KUCHING, Sept 22 ― Chong Chieng Jen’s legal team has filed a notice of appeal against the High Court’s recent decision in respect of the Sarawak government’s defamation suit brought against him.

The state Democratic Action Party chairman said the notice of appeal was filed on September 12, after the High Court here had on August 30, ruled in favour of the Sarawak government and the Sarawak Financial Authority (SFA) in the ‘black hole’ defamation suit brought against him.

The High Court also ordered Chong to pay damages in the sum of RM150,000 and RM50,000 in legal cost to the plaintiff.

Chong pointed out that such High Court’s decision had far-reaching effects in the Commonwealth law and democracy.

According to him, the High Court’s decision will set a precedent for the government to have a cause of action ― defamation against an individual.

“It has never been the law of any Commonwealth country that a government can sue an individual for defamation. This case has set the precedent and this will go a long way in curtailing the freedom of speech and the right to criticise the government.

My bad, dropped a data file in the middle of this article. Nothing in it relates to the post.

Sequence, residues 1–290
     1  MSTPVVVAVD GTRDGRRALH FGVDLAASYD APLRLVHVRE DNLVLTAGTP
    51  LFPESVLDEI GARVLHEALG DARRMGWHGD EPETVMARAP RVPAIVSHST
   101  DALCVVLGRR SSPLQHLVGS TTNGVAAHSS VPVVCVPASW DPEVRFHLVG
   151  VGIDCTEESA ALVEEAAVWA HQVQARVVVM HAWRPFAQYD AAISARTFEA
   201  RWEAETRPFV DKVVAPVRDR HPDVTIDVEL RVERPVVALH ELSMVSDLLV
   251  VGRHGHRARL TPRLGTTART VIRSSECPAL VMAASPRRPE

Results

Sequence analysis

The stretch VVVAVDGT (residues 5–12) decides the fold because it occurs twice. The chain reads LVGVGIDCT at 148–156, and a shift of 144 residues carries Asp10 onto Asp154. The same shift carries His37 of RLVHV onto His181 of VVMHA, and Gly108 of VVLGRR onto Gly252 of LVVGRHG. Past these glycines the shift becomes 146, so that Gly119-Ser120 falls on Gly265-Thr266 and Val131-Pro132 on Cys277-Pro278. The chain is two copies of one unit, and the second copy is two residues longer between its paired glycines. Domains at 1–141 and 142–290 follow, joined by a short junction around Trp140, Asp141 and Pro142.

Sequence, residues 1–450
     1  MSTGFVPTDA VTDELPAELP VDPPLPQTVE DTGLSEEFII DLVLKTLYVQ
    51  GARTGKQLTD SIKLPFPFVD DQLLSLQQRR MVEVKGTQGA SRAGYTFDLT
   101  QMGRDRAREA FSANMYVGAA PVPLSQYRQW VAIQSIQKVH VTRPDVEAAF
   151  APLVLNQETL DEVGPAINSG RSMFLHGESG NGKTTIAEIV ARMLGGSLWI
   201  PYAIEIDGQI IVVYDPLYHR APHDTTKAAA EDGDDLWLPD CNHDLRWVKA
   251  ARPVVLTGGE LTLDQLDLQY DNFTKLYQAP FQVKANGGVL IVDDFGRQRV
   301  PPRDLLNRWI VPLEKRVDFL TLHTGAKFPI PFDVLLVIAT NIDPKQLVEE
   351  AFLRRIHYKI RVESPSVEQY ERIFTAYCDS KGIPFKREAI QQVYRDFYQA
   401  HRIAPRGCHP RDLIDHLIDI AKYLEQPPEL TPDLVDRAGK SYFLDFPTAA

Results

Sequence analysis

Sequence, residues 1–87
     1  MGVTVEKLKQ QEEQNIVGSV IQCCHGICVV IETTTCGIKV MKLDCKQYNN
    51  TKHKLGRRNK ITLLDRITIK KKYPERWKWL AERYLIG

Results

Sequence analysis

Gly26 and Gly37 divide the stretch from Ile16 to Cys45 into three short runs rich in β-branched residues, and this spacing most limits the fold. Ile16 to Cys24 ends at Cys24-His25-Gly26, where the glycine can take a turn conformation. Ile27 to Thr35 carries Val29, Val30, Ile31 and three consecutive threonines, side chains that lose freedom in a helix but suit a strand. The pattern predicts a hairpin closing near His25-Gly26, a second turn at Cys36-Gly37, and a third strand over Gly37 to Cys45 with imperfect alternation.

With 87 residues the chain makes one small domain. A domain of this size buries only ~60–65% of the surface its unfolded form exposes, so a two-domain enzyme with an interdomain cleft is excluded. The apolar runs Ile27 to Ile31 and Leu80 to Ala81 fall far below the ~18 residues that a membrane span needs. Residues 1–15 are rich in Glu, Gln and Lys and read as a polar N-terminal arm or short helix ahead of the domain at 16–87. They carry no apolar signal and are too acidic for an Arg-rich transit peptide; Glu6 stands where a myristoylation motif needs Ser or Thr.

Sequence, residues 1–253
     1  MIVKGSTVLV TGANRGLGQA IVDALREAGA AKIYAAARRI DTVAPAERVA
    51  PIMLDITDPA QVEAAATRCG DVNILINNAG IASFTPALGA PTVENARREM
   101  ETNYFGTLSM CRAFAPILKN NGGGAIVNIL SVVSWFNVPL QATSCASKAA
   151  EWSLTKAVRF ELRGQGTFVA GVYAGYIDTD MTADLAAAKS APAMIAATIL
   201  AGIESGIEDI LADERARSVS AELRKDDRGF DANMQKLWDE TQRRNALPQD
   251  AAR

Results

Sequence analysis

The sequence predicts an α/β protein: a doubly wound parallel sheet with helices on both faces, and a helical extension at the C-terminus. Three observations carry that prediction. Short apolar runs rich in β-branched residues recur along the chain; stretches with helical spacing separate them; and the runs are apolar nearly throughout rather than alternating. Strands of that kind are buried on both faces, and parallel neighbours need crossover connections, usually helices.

“With the precedent set by this case, if an individual were to make a comment like saying that this government is useless, he will be liable for defamation. That goes against any principle of law set in Commonwealth countries or even in US or other legal system,” he told a press conference at the Sarawak DAP headquarters here today.

Chong said the High Court’s decision has an impact on transparency and accountability of the government in the management of government’s business.

He said when the rights of citizens to criticise the government had been curtailed, the extent of transparency and accountability of the government would be lessened.

“Putting aside the amounts that have been awarded, as a matter of principle of law, we are of the view that this is a wrong decision. Therefore, we are appealing against the decision.

“Notice of appeal has been filed, it will be followed by records of appeal; the matter will go to the Court of Appeal for determination in due course,” he added.

Asked whether the High Court’s judgement has been enforced, Chong said: “After we filed the notice of appeal, it depends on whether the Sarawak Attorney-General’s Chambers would want to enforce the judgement.”

He said the state Attorney-General’s Chambers could agree that they would not enforce the High Court’s judgement until the final determination of the Court of Appeal or even the Federal Court.

“In fact in this case, we managed to strike out the case at the High Court level before the trial. There was a cost against the state government but the state government refused to pay the cost and we did not enforce because the state government has appealed, so we leave it to the court to decide.

“I think that gesture should be reciprocated. That was in 2013 or 2014, at the very initial stage, we managed to strike out the case,” he added. ― Borneo Post